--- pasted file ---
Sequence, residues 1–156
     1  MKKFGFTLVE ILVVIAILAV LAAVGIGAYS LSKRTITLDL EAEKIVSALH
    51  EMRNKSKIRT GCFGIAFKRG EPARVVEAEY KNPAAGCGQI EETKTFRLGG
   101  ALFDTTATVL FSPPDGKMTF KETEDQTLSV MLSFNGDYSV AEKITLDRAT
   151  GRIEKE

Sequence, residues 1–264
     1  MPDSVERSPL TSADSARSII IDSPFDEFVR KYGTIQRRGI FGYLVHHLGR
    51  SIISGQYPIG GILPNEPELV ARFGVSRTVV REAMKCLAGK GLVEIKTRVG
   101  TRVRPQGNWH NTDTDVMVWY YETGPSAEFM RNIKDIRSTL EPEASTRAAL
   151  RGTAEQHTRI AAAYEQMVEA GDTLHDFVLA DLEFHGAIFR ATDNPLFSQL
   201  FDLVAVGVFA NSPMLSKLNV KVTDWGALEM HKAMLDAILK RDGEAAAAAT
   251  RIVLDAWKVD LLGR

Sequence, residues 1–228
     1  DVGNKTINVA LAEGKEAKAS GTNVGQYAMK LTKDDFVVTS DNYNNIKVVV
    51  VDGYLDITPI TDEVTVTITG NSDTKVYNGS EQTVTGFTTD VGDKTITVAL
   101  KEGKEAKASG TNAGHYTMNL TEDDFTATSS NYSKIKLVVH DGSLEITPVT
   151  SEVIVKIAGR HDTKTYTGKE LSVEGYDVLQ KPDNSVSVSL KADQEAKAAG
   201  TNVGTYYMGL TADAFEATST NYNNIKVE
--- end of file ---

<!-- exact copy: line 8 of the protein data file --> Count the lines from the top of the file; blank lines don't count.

    51  SIISGQYPIG GILPNEPELV ARFGVSRTVV REAMKCLAGK GLVEIKTRVG